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Figurative Language: Passages taken from Holes
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James Gillray. Do you love these statements, or hate them? The reading world gets pretty divided over whether or not it's okay to apply metaphors and similes to descriptive science writing. It even gets hot and bothered over the use of that most practical parent of metaphors - the analogy. For example, in my book, Gravity's Engines , I presented a discussion of some of the most extreme and complex astrophysical phenomena in the known universe - black holes - by deploying a whole battleship's worth of analogy, metaphor, simile, and just about anything else I could lay my hands on just as I did there. In some quarters this went down a treat, in others not so much. Of course it's easy to get carried away, slathering on a few too many layers of metaphorical comparison until the poor reader doesn't know whether to imagine falling off a cosmological cliff or diving into a collapsing souffle of intergalactic gas yeah, sorry, that was me.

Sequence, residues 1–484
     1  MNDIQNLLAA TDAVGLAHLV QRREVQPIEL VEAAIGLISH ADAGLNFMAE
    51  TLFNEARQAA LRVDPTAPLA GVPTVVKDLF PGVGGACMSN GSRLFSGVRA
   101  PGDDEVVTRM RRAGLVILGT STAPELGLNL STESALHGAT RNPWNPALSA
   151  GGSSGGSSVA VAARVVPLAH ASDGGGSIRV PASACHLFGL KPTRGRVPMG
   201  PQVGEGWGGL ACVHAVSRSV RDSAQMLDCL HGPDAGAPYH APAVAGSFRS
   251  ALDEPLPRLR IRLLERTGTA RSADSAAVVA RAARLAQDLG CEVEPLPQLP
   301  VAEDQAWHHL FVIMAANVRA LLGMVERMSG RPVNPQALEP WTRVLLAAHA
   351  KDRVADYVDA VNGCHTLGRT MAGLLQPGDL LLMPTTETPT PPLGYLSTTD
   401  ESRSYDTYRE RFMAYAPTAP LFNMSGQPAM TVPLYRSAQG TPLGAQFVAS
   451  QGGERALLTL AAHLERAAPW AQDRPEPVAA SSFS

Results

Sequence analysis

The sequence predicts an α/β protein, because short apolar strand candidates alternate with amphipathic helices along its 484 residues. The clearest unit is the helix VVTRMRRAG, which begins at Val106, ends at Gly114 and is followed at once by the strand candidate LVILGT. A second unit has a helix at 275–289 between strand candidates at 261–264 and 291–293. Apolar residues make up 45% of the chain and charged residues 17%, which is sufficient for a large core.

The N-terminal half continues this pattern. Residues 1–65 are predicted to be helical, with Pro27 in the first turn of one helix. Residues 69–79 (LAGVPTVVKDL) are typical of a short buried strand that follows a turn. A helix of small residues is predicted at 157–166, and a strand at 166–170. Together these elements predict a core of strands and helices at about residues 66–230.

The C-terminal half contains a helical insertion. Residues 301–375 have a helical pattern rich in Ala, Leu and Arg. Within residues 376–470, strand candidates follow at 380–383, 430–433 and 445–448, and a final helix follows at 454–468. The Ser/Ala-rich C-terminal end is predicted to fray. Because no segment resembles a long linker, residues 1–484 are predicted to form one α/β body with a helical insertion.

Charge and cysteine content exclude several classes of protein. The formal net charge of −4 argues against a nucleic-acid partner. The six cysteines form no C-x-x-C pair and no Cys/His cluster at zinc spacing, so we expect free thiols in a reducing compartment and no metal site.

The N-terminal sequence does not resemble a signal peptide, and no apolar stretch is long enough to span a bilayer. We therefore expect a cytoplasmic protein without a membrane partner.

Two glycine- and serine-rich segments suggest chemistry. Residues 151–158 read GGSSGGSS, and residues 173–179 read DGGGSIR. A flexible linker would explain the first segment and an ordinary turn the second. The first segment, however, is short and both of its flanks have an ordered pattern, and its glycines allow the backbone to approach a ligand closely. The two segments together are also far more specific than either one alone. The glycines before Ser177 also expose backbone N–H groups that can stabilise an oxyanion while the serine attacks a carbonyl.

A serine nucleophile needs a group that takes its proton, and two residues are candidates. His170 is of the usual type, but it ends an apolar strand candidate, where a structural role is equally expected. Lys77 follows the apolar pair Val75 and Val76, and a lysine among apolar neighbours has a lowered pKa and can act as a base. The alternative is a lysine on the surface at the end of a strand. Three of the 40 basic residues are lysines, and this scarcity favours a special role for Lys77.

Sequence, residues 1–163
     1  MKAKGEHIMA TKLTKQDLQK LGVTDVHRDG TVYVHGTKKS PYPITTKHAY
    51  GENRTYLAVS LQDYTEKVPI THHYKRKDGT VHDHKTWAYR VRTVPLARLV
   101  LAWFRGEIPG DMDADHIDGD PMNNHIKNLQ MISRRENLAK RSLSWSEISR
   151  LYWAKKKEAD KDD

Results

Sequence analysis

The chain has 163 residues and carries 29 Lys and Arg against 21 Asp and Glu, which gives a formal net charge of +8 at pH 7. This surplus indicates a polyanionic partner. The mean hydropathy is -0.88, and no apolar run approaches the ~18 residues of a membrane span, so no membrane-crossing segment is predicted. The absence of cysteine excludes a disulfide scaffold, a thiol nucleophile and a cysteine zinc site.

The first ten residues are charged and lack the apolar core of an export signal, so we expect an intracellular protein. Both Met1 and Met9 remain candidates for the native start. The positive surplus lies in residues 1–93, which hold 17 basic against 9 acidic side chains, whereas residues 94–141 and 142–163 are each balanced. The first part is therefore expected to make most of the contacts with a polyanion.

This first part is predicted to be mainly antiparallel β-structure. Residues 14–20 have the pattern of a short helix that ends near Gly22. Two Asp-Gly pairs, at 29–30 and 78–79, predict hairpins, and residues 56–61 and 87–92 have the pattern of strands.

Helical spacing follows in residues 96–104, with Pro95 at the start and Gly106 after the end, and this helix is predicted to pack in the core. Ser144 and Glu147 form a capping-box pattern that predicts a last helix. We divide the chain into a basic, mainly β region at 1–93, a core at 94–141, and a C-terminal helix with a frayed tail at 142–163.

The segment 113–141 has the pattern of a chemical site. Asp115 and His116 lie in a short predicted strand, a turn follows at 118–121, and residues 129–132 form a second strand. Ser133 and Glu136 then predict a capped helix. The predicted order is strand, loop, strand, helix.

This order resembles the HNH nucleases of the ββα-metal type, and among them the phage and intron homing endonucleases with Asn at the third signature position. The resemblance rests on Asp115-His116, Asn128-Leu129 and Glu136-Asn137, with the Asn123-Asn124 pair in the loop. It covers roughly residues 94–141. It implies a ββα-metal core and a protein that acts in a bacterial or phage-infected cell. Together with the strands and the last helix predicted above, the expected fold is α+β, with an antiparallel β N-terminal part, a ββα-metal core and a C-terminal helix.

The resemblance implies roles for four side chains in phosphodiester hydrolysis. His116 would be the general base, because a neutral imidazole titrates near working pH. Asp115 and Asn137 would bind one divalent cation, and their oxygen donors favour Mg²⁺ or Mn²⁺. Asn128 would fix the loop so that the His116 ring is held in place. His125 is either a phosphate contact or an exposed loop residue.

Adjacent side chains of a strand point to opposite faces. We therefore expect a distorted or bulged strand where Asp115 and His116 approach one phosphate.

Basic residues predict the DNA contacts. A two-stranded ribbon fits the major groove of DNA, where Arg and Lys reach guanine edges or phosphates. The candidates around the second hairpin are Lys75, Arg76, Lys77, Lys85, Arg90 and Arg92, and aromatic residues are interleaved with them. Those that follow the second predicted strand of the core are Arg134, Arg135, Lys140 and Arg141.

My name is Angeline. My favourite class is PE. Those are my two dogs Fluffy Brown Max White. All Holes. Reflections Writing.
Hot, Heavy Air (Simile)
I would imagine there would be. There are similes in almost any book you pick.
This simile clearly illustrates Stanley's uncomfortable situation and his lack of agency. The author creates a claustrophobic atmosphere and a strong sense that the character is trapped against his will, which is certainly the case. He is being shipped off to a hard labor camp for a crime he did not commit. He is being restrained by more than just handcuffs: the justice system is working against him, as is, more importantly for the rest of the novel, his family curse. Stanley isn't truly free because success is impossible for him as long as the Yelnats family is still under Madame Zeroni's curse.